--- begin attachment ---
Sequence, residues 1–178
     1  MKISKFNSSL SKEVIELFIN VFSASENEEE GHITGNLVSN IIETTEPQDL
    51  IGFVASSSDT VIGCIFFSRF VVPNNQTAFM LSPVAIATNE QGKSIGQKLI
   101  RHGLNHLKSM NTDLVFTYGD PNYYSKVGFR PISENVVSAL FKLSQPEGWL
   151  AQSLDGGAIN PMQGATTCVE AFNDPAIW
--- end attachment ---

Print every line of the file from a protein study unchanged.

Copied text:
Sequence, residues 1–178
     1  MKISKFNSSL SKEVIELFIN VFSASENEEE GHITGNLVSN IIETTEPQDL
    51  IGFVASSSDT VIGCIFFSRF VVPNNQTAFM LSPVAIATNE QGKSIGQKLI
   101  RHGLNHLKSM NTDLVFTYGD PNYYSKVGFR PISENVVSAL FKLSQPEGWL
   151  AQSLDGGAIN PMQGATTCVE AFNDPAIW